I need to sharpen some Forster bits, which are made of steel. What is best to be used and is there a proper way of doing it? Some people use sandpaper and others say diamond. Could I use the sandpaper on this or am I better off with using my diamond files?

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I don't think you can sharpen a Forstner bit accurately enough with abrasive paper. Even if you glue it to a small slips of wood to make rudimentary files from it these won't be particularly stiff so may not give you the accuracy you'd want to properly sharpen a bit, where as much as possible you want to maintain the existing geometry of the factory grind. It is possible in theory however.

The traditional tool for sharpening bits is a type of file, although with Forstners a round slipstone was often a necessary addition to tackle the bevel on the curved rim.

These days in place of a round slipstone many use a conical burr chucked in a pillar drill or a Dremel-type tool, or any similar handpiece. And for the flats a small slipstone can also be used, but it's commonly done today with a fine diamond paddle.

Although bits are usually made of tool steel they're not generally hardened to the same level as other cutting tools so can usually be comfortably cut with a steel file, just as with augur bits used with a brace.

Consequently the whole job can in theory be done just with files, a set of needle files being sufficient as long as they're of decent quality.... no guarantee of this today unfortunately! Price is not a reliable guide to quality with needle files, some cheap ones are well shaped and the toothing is cut well, while you'll read customer feedback on many files that cost more which indicates they can be neither. So I would recommend inspecting before you buy if at all possible. For a Forstner bit you'll need at least the round (rat-tail) and a flat or tapered file (the flat side of a half-round), and a triangular file may prove useful too.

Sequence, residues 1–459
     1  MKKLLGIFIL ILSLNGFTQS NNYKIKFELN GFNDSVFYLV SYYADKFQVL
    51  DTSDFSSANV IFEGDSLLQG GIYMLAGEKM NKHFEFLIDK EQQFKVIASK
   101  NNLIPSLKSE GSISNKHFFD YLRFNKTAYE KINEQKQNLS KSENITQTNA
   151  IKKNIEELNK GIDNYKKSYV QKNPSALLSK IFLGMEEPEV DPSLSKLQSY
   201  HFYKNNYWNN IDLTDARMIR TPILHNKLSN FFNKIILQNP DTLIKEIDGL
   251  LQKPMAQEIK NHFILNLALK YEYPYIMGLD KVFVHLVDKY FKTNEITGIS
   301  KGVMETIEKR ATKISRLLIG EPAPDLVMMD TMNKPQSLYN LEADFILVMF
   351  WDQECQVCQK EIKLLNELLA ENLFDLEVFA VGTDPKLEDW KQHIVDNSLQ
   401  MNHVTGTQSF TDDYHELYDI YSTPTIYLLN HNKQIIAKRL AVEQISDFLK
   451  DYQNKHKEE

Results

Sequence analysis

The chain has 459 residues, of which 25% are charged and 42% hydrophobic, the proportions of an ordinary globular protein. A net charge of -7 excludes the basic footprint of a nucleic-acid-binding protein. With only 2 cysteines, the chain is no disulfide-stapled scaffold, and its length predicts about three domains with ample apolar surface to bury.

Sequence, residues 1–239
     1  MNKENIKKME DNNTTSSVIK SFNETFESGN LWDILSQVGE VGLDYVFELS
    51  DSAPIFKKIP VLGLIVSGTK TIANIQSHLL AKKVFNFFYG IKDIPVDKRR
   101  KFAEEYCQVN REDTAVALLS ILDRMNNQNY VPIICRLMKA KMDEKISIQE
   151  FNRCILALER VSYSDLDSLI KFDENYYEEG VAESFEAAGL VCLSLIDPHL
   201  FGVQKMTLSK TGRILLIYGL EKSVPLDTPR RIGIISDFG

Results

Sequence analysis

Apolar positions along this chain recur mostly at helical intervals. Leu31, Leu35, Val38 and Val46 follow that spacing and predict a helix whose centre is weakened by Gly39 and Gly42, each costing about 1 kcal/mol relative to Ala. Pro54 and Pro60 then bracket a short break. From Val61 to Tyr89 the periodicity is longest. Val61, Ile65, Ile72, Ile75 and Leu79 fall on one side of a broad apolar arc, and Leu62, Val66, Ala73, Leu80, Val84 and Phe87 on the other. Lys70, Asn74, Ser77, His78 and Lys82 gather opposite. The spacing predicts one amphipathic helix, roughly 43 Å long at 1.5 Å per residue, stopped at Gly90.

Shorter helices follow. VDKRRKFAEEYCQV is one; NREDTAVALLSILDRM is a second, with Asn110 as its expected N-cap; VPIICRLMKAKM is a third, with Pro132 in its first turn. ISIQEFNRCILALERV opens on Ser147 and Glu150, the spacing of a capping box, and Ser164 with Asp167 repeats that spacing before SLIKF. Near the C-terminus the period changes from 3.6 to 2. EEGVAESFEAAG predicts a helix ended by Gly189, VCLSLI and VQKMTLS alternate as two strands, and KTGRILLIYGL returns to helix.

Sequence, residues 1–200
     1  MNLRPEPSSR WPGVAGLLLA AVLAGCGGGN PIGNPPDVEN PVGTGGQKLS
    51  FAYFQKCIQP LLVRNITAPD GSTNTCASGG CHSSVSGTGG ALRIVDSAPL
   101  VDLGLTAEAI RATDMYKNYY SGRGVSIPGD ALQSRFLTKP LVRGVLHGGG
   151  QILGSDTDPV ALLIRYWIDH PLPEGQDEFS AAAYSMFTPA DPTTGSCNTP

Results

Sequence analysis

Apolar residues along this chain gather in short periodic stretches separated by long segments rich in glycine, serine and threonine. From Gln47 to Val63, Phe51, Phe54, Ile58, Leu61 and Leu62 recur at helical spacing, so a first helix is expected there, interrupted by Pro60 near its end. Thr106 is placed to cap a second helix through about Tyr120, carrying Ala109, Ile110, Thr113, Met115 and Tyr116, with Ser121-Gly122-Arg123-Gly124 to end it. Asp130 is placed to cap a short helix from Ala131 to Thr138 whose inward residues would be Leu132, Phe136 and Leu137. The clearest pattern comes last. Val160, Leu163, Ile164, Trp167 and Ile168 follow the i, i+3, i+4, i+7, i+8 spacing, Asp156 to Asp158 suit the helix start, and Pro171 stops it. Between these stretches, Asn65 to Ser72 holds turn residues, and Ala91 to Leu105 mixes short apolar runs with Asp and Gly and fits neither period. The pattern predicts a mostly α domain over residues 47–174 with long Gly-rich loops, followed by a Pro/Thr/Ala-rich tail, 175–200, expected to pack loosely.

If your bit is better made it may be hardened or made from a harder/tougher alloy such as HSS in which case they will probably not cut well enough with needle files so any of the alternatives will have to be used instead. It might seem obvious to use diamond needle files here, but IME many common diamond files are much too coarse for this job (150-300 grit, where you want something like 600 grit or finer).

Method
Just as with augur bits you must be careful to sharpen only certain surfaces on a Forstner bit. The rule with large round bits like this is never to file the outside or circumference or you'll change the bit's size. While this is itself a problem there's more to it than that, it can also make the bit cut much less well and can lead to burning of the stock or worse, jamming, due to the cutting edges being a smaller diameter than the body of the bit.

For a Forstner the process is essentially this:

  • hone the bevel on the edge
  • hone the straight flutes or chip-lifters
  • hone the central spur.

Just to show the basics:

Forstner sharpening

More detail is particularly useful here so here are links to Forstner bit sharpening info online:
An animated GIF showing the rim being sharpened with a file.
Forstner Bit Sharpening Kit Instructions on Rockler.
Conventional Forstner Bits on Highland Woodworking.
How to sharpen Forstner bits from Wood magazine.
Sharpening Drill Bits on Workshop Companion (also covers other bits).
Forstner speed and feed chart with sharpening instructions, originally supplied with a set of Forstner bits.

Remember the rule: little and often. As with all tools it is better to do minor touch-ups periodically than to leave it too long and then have to do major sharpening. A blunt Forstner bit won't cut clean, neat holes like it's supposed to and could be hazardous to use.

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